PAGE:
In principle, I see no issue with the GSA’s being directed by the executive branch—under whose pleasure it serves—to revise the Guiding Principles. This is not to say the order couldn’t or shouldn’t be made better with more considered input. Still, it is not unreasonable that federal patronage should have an aesthetic interest and make real demands beyond stylistic neutrality—as any client would—with regard to the architectural character it seeks to promote. This does not portend the rise of totalitarianism.

Critiques from the Traditional Architecture Community

Amidst the detritus and hypocrisy of so much commentary, a small handful of saner and wiser critics have offered more helpful critiques of the draft order. Some of the best have come from within the traditional architecture community itself.

Some have suggested that striving for architectural pluralism would be sufficient in scope, and that any style mandate seemed inappropriate. Some have offered rousing defenses of the executive order both in its aims and in its principles. Others have provided historical context to the issue of “official styles.” Many who have spent their careers marginalized within their own profession while toiling for the advancement of classical and traditional architecture, nonetheless felt the draft order to be a strategic blunder, that would more tightly close institutional doors and opportunities and further taint the classical by association with the current administration.

The use of an executive order as the vehicle to enact such a change is questionable on several grounds, to be sure. Its being issued by such a polarizing president is likely to cause backlash rather than consensus; and it has a potentially short shelf life, since the next administration could simply nullify it.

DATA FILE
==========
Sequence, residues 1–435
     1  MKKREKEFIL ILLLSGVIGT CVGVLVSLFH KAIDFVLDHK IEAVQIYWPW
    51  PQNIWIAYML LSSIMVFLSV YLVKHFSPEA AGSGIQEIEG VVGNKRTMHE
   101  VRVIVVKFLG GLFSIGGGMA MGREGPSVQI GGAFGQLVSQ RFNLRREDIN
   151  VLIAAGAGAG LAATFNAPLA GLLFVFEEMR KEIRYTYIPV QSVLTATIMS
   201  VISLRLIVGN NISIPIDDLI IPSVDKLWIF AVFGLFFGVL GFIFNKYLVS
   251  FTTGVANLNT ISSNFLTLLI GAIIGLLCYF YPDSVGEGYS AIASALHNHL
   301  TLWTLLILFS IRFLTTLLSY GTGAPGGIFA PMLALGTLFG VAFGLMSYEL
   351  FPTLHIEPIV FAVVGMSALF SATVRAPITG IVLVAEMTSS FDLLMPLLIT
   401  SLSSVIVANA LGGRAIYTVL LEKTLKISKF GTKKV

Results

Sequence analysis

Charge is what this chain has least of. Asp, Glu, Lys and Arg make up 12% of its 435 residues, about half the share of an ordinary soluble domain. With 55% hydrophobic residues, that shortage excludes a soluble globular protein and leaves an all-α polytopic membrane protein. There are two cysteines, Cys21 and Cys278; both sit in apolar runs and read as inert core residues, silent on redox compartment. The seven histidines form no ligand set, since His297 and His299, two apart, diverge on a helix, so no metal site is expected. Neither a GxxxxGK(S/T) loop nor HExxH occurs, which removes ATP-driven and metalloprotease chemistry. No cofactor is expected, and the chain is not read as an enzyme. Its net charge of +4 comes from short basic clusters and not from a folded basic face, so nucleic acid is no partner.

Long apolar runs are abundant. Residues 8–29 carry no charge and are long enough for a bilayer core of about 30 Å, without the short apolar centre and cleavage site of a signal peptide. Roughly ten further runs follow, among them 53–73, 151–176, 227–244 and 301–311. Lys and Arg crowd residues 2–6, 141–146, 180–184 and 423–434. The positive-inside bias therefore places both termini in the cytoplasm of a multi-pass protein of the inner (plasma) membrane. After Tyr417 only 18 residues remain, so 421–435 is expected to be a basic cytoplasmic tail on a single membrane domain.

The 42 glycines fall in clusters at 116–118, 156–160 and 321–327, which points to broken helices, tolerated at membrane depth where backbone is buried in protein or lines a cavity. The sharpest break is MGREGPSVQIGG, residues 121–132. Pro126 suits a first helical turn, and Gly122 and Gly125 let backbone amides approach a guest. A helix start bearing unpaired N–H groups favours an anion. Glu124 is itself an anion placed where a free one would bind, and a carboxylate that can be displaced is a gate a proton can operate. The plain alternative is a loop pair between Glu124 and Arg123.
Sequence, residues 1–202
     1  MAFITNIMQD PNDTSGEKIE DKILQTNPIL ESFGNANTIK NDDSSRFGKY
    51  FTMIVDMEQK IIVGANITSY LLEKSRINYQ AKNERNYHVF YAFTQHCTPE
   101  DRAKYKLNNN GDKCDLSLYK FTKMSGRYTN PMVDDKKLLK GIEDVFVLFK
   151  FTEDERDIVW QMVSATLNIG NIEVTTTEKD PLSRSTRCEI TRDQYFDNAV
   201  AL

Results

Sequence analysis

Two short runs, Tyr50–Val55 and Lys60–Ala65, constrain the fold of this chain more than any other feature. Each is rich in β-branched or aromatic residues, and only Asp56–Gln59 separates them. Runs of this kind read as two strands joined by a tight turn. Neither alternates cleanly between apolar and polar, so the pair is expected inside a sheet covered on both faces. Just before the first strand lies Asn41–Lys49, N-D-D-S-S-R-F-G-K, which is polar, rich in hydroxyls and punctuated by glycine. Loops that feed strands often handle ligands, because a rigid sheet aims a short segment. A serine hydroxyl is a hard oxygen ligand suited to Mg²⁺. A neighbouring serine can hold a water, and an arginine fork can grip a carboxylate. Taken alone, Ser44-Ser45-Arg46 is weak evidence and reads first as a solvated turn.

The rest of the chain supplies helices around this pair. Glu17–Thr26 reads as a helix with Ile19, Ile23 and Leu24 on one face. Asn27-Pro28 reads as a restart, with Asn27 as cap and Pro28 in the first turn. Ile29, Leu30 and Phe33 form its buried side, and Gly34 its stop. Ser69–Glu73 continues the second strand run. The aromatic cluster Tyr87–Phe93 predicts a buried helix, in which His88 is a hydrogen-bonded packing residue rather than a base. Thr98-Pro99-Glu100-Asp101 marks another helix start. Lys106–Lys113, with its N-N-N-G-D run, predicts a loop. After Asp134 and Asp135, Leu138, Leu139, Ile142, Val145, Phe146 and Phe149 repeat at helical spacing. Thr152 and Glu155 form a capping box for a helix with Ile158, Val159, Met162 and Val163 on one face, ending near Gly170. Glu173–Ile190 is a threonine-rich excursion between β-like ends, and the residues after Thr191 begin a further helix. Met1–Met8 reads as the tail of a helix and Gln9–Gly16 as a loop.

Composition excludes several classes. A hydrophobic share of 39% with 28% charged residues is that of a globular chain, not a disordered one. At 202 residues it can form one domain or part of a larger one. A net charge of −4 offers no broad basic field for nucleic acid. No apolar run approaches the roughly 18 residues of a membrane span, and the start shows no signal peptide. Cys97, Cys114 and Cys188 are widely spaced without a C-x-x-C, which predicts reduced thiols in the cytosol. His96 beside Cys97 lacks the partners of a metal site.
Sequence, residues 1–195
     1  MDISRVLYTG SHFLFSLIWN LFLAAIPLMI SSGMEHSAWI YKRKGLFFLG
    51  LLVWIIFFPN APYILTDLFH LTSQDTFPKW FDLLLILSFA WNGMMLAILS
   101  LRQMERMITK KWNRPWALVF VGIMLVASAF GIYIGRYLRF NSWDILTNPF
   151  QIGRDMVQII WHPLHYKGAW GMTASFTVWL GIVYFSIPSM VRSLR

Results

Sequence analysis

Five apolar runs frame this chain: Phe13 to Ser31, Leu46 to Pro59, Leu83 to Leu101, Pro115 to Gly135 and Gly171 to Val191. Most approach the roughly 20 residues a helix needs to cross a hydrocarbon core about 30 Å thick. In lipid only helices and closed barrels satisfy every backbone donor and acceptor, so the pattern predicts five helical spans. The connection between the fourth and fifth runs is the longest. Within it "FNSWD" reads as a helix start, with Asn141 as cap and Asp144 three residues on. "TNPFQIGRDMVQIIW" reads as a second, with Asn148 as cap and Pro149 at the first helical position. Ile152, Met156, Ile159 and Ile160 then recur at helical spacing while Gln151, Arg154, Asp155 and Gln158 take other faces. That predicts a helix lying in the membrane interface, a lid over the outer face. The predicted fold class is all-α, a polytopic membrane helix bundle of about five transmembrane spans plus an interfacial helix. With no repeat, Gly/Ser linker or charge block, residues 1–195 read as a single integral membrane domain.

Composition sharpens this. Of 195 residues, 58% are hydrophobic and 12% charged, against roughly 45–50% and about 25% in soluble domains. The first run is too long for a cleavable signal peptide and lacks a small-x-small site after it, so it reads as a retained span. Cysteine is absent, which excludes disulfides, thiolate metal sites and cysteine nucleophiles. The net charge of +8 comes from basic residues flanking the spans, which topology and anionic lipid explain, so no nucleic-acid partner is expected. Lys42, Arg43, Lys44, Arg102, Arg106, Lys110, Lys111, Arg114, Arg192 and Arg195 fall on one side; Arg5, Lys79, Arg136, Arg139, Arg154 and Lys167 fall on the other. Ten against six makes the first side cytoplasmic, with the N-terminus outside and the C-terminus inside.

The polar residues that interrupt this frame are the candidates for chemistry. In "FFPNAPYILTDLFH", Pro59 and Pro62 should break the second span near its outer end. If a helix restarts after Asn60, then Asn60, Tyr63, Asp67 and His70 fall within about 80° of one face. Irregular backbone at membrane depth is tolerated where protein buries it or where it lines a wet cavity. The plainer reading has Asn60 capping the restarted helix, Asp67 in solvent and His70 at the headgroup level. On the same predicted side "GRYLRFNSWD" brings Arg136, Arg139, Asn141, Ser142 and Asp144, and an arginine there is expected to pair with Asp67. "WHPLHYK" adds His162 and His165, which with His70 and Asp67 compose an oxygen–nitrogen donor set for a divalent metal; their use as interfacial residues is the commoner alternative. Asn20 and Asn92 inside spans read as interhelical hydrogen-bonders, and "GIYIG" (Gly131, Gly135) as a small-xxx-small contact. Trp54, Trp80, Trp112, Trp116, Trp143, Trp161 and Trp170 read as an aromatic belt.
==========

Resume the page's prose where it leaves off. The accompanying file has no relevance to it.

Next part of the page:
Still, establishing a commission to study and revise the Guiding Principles to be more inclusive of classical styles, rather than excluding them, is a good start. Interpreting the word “contemporary” to exclude new classical work should be prohibited. Inviting classical architects to join the Peer group of the National Register to promote “diversity” and “inclusivity” should be encouraged. The National Civic Art Society, largely responsible for the draft order, should leverage the opportunity toward a national discussion, perhaps beginning with a national conference.

An Unexpected Opportunity

Traditional and classical architects suddenly have an unforeseen and unasked opportunity to promote their cause in a public forum. Since many also enjoy modernist architecture, and share a politically liberal persuasion (a fact seemingly unbeknownst to the pundit class, who associate such architecture and architects with white-supremacism, racism, and ignorance), a fair number will likely distance themselves and their cause from the draft order, lest they be tainted by association. Theirs is a fight for inclusivity. They ask simply to have a seat at the table from which they have so long been barred.

The reasons for traditional architecture remain compelling, regardless of political affiliation. It represents the collected wisdom of generations of architects and craftsmen. It preserves cultural memory and heritage even while admitting of infinite variation. It is inherently sustainable in its materials and building practices. It has proved durable and adaptable to time and place. It is eminently lovable. To paraphrase the words of the late Sir Roger Scruton, it makes us at home in the world.

Today, traditional architects must do more than simply practice their craft well. They must demonstrate not only the continuing relevance of traditional building materials and practices and classical principles, but also the universality and adaptability of the content itself. They must show that these forms, idioms, and conventions impart real and aspirational meaning across time, place, and cultural demographics to people of every age and walk of life. In the modern era, the self-evidential power of a building’s beauty unfortunately cannot be taken for granted as self-sufficient and meaningful. The positive case for the traditional and classical “styles” must be made at all levels: the biological, the ecological, the aesthetic, the financial, the social, the ethical, and the spiritual. We must resist the temptation to point simply to the negatives of modernism, even if any survey of federal buildings and urban renewal projects over the past sixty years lends ample support to the classical cause.

We can only hope that the leaked draft of the executive order has provided an opening to make that case once again.